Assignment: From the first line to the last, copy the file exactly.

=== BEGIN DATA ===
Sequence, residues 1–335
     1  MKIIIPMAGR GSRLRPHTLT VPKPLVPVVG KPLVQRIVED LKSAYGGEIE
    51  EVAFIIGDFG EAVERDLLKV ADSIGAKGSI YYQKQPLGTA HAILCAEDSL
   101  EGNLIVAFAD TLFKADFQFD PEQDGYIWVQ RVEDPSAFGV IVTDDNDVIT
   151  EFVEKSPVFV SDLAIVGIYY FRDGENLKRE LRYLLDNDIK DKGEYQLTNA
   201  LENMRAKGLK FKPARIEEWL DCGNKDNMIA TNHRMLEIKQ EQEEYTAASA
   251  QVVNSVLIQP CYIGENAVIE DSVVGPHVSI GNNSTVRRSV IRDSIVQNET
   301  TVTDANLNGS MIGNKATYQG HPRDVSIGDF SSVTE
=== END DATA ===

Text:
Sequence, residues 1–335
     1  MKIIIPMAGR GSRLRPHTLT VPKPLVPVVG KPLVQRIVED LKSAYGGEIE
    51  EVAFIIGDFG EAVERDLLKV ADSIGAKGSI YYQKQPLGTA HAILCAEDSL
   101  EGNLIVAFAD TLFKADFQFD PEQDGYIWVQ RVEDPSAFGV IVTDDNDVIT
   151  EFVEKSPVFV SDLAIVGIYY FRDGENLKRE LRYLLDNDIK DKGEYQLTNA
   201  LENMRAKGLK FKPARIEEWL DCGNKDNMIA TNHRMLEIKQ EQEEYTAASA
   251  QVVNSVLIQP CYIGENAVIE DSVVGPHVSI GNNSTVRRSV IRDSIVQNET
   301  TVTDANLNGS MIGNKATYQG HPRDVSIGDF SSVTE